The re-posting of this analysis is part of a cross-posting collaboration with MediaLaws: Law and Policy of the Media in a Comparative Perspective. The reporter’s privilege of protecting the identity of his sources, takes origin from the need to preserve the bases of a democratic society. Protection of journalistic sources is strictly connected with a […]
It’s hardly surprising that politicians and members of the press often find themselves at odds with one another, as the two have a long history of conflicting priorities and mandates. Yet the two entities occupy complementary and at times oppositional roles in serving the public good. The recent debate surrounding leaked information about possible copyright […]
We are pleased to announce details of the 2013 Intellectual Property Law and Technology Intensive Program. The tremendously successful program is currently in its third year, but it is continuing to grow. We are excited to announce the offering of three brand new placements for 2013, and the return of an excellent placement from the […]
The “Word” Is Not Enough: New Cybercrime Prevention Act Leaves Philippine Plagiarists Criminally Vulnerable (UPDATED)
The institution of a controversial new Cybercrime Prevention Act in the Philippines may leave plagiarists subject to criminal sanctions. The penalty for the plagiarism depends on the number of prior offences, but first-time infringers can expect up to one to three years in prison.
On Her Majesty’s Secret Service: UK Extends Meaning of IP in Phone Hacking Case to Remove Self-Incrimination Privilege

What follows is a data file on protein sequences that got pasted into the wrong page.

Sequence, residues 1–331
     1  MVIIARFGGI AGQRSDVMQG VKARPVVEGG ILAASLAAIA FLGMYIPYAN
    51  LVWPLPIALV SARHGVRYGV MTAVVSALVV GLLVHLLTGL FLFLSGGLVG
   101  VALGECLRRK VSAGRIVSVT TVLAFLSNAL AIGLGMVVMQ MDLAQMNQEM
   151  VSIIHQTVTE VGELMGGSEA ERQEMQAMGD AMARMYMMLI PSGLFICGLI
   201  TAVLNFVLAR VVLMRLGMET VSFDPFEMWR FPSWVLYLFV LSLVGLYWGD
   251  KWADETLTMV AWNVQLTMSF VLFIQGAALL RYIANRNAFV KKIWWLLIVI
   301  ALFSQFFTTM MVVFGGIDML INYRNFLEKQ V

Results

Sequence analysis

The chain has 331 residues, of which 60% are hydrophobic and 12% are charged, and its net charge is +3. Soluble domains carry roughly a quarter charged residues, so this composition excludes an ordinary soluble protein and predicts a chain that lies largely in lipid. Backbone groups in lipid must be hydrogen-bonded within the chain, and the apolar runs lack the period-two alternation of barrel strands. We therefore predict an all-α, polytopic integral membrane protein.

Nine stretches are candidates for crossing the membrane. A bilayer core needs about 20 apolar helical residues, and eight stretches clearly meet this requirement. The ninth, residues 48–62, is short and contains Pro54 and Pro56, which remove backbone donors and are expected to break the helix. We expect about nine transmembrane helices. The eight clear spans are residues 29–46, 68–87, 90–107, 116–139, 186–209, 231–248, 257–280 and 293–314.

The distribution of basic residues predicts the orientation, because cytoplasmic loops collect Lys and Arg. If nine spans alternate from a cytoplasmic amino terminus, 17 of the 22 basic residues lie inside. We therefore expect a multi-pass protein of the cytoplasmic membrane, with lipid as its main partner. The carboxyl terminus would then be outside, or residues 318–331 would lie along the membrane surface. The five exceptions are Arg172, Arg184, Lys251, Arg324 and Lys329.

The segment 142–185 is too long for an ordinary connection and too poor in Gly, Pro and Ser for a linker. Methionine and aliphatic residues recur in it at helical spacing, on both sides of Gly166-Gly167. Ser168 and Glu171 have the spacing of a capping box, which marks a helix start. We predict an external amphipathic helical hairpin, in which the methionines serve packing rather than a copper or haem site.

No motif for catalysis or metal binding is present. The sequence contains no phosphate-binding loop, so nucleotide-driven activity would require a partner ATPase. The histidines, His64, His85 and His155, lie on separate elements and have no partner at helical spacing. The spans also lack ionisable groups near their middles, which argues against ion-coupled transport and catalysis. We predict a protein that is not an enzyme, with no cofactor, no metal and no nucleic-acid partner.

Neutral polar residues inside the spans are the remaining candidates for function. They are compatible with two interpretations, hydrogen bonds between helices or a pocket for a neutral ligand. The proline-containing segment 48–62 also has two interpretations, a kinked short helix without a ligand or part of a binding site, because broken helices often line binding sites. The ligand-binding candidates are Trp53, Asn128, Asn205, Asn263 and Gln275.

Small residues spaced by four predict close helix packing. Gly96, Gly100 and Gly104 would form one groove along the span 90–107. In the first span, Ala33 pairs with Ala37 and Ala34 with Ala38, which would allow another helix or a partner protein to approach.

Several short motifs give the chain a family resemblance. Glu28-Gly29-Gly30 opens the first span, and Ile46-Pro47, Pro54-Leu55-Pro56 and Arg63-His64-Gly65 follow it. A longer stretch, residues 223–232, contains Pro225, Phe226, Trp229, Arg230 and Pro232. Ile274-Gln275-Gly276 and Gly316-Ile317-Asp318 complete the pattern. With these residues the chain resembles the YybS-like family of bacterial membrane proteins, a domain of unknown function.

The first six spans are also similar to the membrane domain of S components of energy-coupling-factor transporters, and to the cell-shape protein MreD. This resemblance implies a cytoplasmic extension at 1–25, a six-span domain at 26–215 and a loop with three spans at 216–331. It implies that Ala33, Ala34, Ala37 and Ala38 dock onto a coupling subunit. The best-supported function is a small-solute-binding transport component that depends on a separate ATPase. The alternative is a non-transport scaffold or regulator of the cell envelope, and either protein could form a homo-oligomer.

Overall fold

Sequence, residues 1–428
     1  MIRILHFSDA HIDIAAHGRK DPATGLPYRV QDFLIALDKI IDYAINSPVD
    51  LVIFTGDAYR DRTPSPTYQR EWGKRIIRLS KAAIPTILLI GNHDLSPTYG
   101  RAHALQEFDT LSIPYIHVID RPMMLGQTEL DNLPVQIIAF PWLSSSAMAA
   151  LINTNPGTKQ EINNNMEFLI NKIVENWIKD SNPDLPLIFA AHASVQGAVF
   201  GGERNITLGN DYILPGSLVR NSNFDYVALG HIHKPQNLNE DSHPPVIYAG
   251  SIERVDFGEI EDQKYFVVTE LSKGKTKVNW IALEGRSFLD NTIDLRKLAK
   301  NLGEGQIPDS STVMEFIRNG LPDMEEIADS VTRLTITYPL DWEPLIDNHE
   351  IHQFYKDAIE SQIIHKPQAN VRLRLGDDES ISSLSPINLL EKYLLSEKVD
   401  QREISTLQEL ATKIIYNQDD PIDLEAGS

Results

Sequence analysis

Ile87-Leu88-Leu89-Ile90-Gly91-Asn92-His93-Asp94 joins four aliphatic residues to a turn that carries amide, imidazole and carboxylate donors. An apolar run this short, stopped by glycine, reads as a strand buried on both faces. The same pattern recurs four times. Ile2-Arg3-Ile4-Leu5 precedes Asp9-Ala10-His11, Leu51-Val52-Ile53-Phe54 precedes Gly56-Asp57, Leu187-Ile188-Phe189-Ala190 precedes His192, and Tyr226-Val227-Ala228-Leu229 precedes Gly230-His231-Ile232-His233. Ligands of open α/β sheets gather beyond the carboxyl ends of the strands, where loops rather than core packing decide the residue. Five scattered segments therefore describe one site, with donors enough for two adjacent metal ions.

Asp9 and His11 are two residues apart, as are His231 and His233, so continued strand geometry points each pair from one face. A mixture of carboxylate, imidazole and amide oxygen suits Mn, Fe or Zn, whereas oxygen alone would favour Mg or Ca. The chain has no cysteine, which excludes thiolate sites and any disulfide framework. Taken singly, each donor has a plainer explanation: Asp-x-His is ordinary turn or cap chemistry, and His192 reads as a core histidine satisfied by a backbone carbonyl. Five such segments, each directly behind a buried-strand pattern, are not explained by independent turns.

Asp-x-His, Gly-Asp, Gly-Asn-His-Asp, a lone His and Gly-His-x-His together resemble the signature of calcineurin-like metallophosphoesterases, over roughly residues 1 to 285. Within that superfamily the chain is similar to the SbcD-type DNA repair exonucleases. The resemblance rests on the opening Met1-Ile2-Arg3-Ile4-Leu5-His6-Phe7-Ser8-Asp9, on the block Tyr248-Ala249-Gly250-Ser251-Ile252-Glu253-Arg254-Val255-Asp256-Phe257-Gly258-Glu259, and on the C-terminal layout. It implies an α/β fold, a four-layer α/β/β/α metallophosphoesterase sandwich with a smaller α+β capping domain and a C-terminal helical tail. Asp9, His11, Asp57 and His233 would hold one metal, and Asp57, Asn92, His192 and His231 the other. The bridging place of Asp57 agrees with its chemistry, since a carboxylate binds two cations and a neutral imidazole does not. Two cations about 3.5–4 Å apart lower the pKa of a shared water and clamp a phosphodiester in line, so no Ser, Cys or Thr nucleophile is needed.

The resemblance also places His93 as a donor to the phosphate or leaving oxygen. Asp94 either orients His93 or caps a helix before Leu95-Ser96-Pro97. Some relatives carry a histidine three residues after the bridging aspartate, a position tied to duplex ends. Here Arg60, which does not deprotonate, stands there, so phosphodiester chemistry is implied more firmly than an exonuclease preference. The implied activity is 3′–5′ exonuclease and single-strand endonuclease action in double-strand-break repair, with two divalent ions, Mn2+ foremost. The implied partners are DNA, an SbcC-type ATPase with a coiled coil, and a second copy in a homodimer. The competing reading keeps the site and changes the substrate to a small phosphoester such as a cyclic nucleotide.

In the latest portion of the legal fallout from the News of the World “phone hacking” scandal, the UK Supreme Court held that former footballer and private investigator, Glenn Mulcaire must reveal his contacts with the corporation.
When suspected Montreal “body parts” killer, Luka Magnotta, was detained in Berlin on June 4 following an international manhunt, only one small piece of a complex legal web was resolved. In addition to the ongoing murder investigation, digital issues involving web hosting of explicit content and concerns about trademark denigration have been thrust to the […]
Sue Gaudi is the Vice-President, General Counsel and Corporate Secretary at The Globe and Mail Inc. She presented the following talk at a lecture to students in IP Osgoode's internship program, the Intellectual Property Law and Technology Intensive Program (IP Intensive). We are very pleased that The Globe and Mail is hosting one of our […]
Jennifer O'Dell is a JD candidate at Osgoode Hall and Denise Brunsdon is a social media writer and researcher. Only one post remains on the Ridiculous Pictures of Celine Dion Tumblr and it is tellingly tagged "RIP" and "the dion effect." Dion's lawyers sent Nick Angiolillo, the New York blogger who runs the satirical Tumblr site […]
Dan Whalen is a JD candidate at Osgoode Hall Law School. Disgraced UK tabloid News of the World has finally crumbled under the mounting weight of the national phone-hacking scandal. As investigations heat up and criminal charges seem imminent, it is worthwhile to examine the law that prosecutors will seek to uphold and once again […]
Michael Gilburt is a JD candidate at Osgoode Hall Law School. The United Nations has released a report that examines the relationship between Internet access and the right to free expression under Article 19 of the Universal Declaration of Human Rights (UDHR).